My personal conclusions from this are as follows: 1) taking away downforce without other adjustments on short ovals so that the drivers can’t be flat-out will definitely make the outright average speed slower -- good, bad, or otherwise; 2) the amount of additional power to make up for even a small decrease in downforce (even 5-10 percent) needs to get cranked up at a significant rate to make almost any impact on overall lap time; 3) while optimizing this in some ways sounds appealing, I’m not sure if any of that alone will really address what we’re looking at.
At the end of my previous column, I noted that Indy cars are extremely fast in their current spec, but could maybe be more badass.
I say that in part because the operating window for maximum performance is very tight, and that it has a relatively abrupt drop-off if you overdo it (due to a variety of design factors). This doesn’t make for a car that really appears to be on the edge, despite the fact that it often is.
A current Indy car with 3,000 pounds of downforce at Phoenix would not just be slower, it would be slower in a way that wouldn’t be much fun to drive. I think there’s a misconception that by reducing downforce at a place like this, we’d end up with cars that are sideways through the corner with guys up on the wheel, visibly hustling the cars around the track.
Given that the cars are designed to make a lot of downforce and generate grip in that way, I don’t think that’s what you’d find. Typically speaking, a current Indy car on an oval without enough downforce for its given conditions is a machine that’s a knife’s edge away from succumbing to the dreaded wall magnet. Going faster than the other guys in this situation is more about exceptionally managing than it is about hustling in most cases; the relative risk in hustling due to the very narrow operating window of the car rarely justifies what is, in the best of circumstances, a short-lived reward.
The cars are actually very difficult to drive in these low-grip conditions from not enough downforce, exemplified by the fact that races in this category tend to have a much larger separation in performance with the guy in Victory Lane often being one you’d associate with having great skill and a high degree of pucker-factor tolerance.
So that part of it is kind of what we want, right? But the hard-to-drive-ness doesn’t really translate to the observable driving and racing action that you so want to see when race cars lose grip, or frankly that the drivers want to experience.
So the added part to the equation in this installment is the concept of mechanical grip. We’ll loosely define this as the grip the car generates at the tire without the help of downforce. Very generally speaking, this comes from the compound and construction of the tire itself, combined with the settings of the mechanical setup of the car – shocks, springs, anti-roll bars, heave springs, roll centers, cambers, toes, etc., etc. The mechanical setup directly impacts the way each of the four tire contact patches interacts with the racing surface, so those two things (tire and setup) go hand in hand and are extremely important.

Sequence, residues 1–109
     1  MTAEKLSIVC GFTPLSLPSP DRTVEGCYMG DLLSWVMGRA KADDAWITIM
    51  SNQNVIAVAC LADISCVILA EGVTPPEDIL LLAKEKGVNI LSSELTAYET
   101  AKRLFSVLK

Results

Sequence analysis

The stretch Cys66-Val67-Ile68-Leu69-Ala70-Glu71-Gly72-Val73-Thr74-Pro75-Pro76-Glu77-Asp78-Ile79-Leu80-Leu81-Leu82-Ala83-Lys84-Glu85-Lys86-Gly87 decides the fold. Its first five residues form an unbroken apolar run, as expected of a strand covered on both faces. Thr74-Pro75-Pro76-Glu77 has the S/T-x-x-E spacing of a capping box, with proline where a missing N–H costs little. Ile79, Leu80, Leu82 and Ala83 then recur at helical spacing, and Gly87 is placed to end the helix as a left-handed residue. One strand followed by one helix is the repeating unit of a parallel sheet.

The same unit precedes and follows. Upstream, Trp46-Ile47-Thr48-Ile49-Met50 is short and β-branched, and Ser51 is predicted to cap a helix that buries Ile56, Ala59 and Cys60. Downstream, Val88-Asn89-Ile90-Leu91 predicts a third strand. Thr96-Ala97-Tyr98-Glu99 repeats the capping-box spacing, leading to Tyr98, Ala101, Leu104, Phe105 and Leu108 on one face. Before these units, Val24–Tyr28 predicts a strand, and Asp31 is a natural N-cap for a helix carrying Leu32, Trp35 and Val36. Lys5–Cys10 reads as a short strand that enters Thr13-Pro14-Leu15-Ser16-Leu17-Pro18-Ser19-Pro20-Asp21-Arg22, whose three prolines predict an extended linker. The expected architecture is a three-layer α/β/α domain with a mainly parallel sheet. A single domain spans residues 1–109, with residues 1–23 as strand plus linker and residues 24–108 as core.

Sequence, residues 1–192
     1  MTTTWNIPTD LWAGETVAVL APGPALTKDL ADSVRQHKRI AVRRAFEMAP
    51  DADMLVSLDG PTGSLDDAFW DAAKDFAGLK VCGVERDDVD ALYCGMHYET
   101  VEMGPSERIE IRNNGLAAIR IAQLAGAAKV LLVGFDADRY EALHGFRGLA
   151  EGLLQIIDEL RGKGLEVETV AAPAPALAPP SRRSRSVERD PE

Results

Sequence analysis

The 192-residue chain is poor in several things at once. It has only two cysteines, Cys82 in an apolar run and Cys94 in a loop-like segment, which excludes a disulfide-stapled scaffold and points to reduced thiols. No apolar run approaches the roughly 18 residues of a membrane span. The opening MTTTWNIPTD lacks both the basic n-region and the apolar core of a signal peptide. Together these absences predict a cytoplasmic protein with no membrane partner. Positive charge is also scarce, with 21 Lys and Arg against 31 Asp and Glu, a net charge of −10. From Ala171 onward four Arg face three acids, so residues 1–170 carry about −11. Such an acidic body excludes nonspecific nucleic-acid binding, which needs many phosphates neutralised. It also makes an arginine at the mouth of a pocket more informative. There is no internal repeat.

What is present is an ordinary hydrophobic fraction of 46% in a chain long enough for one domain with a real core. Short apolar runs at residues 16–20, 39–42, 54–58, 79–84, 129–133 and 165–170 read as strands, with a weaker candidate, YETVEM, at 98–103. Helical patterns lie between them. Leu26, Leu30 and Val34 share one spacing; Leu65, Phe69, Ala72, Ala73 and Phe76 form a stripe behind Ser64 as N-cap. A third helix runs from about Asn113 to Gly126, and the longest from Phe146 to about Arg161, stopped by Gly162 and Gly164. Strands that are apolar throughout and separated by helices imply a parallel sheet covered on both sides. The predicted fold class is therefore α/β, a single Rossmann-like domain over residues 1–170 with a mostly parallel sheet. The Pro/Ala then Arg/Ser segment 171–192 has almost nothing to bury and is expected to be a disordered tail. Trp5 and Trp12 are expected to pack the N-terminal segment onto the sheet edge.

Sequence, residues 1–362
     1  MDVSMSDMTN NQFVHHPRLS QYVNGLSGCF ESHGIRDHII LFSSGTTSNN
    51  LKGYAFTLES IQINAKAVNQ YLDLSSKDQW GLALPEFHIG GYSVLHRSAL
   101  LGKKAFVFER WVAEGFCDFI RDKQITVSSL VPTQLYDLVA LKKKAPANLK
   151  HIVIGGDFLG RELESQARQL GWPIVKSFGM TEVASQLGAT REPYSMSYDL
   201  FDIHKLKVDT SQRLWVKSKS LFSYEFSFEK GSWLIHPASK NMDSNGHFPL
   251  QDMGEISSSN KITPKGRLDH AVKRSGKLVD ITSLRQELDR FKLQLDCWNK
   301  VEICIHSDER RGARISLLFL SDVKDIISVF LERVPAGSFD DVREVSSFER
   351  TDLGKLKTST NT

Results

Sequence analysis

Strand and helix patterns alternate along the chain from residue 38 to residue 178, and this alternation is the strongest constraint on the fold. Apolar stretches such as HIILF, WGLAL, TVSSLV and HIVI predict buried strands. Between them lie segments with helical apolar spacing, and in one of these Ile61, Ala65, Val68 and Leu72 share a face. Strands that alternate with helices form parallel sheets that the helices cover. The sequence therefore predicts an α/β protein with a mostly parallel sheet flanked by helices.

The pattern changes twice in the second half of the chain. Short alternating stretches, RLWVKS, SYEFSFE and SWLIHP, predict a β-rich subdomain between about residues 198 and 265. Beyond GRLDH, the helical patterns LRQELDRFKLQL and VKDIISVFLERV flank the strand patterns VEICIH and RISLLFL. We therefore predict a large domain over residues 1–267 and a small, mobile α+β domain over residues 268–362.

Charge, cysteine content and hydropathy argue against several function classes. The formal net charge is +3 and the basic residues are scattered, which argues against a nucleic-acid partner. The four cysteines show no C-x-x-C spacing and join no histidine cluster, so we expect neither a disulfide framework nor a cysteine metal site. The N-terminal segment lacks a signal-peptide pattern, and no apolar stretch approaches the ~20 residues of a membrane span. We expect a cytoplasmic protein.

Engineers on INDYCAR teams spend an insane amount of time optimizing the race car’s mechanical grip for every type of track we go to. It’s actually what teams spend the most time developing – it’s the most significant factor for performance that the teams have control of, and the range of adjustability for items that affect mechanical grip is impressively large.
But while INDYCAR teams are incredibly good at filtering through everything they have at their disposal to maximize the car’s mechanical setup, there is inherently a limit to how much mechanical grip the car can create.
Additionally, as anyone in the series would tell you, the tires we race on from Firestone are incredible. Equally impressive engineering is happening with the tires themselves - they are designed and constructed with INDYCAR’s very specific formula in mind, and are also optimized for it.
Now, in an entirely hypothetical situation, what if you could just give the ol' grip knob a turn or two like in a video game? How might that impact our downforce, drag and power equation? Or the converse – how might a change in the downforce, drag and/or power of the car allow the tires to change?
Equally important to this conversation is how these changes could impact the way the cars drive. How sharply does the tire’s tolerance for slip angle drop off? How quickly does the tire recover grip once it’s gone past its limit? How much peak grip does the tire generate vs. how long it takes to degrade? How might we convert the effects of our video game grip know in real life? How would all this impact the operating window of the car?
So while you watch the Iowa Corn 300 this weekend, imagine what it might be like if some of what we’ve talked about here were different and how that might affect your perception of what’s going on. I expect a great race (I really enjoyed testing for my dude JNew (Josef Newgarden) there last week, and was already feelin’ the high line), so make sure to tune in anyway! Next time, I’ll give you the rundown on superspeedways, and specifically Indy.
Get ready to hold on tight, because when we start doing horsepower comparisons there, we’re going to start seriously hauling the mail.